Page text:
The country has certainly changed a lot since the November election. Shortly after the president was elected, there were stories about people of color being attacked and being told to go back to their own country. Racially charged graffiti found in schools, and a recently a mosque in Texas burning to the ground just hours after the immigrant ban was signed into law.
As a member of the trans community, I am worried about us. It’s no secret that the current vice-president is very anti-LGBT and I worry about our rights being taken, I worry about attacks on our community. The first time I went out after the election I felt an apprehension I hadn’t felt since the first time I left the house years ago. Fortunately it was a MN T-Girls event and one of the reasons I founded the group was the belief of safety in numbers, or, I suppose, we are stronger together. 🙂
In the times I’ve been out since the election, I’ve braced myself for…something. But so far there hasn’t been any incidents. In fact, it has seemed a little more positive than usual. The MN T-Girls event in November was dinner at a wonderful restaurant and as we discussed the election and our fears, a group of cis-women approached our table and let us know how happy they were to see us. I was so happy to hear to hear that. I thought by being out in public was, in a way, an act of defiance of the new administration. They might hate us, they might want to pass laws against us, but we are not going back into the closet. I can’t go back in the closet, between all my dresses and heels there is no room for me. It was also wonderful to hear support from…anyone.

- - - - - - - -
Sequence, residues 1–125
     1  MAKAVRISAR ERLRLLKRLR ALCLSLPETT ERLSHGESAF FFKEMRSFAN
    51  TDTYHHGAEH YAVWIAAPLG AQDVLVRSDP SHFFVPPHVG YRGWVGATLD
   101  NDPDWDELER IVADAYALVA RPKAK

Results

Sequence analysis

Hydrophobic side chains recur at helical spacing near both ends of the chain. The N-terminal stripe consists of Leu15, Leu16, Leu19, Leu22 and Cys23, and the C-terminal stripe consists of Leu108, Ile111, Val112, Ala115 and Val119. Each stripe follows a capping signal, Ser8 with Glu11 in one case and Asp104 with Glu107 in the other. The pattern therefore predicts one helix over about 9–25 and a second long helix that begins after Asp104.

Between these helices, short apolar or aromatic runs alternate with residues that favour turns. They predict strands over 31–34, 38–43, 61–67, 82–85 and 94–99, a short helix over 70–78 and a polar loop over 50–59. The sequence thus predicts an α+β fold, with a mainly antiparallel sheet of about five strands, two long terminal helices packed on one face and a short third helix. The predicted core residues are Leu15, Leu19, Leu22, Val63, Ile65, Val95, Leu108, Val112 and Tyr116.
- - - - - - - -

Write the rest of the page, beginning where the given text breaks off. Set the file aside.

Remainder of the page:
The most recent time I was out was also for a MN T-Girls event where we went shopping downtown. This was a fun afternoon and I struck up a conversation with another woman who was shopping. As I browsed the racks she mistook me for a sales clerk and we started to chat about…well, clothes, of course. I loved this little conversation because it was initiated by her. I have no doubt in my mind she knew I was (and still am, I suppose) transgender but she spoke to me anyway. I know that sounds silly but I wonder if anyone avoids making conversation with me because of who I am. If they do, this woman did not. It was a fun day and I was happy that the day passed without incident.
However, I still wait for something. I fully believe that people who are anti-trans, racist and sexist feel emboldened now that we have a president and administration who has a track record of these traits as executive orders such as the immigration ban are signed into law. I live in a very liberal city in a state that voted for Hillary Clinton (or against Trump in some cases) but so many of us live in towns and states that went the other way.
Have you experienced any change in people’s attitude since the election?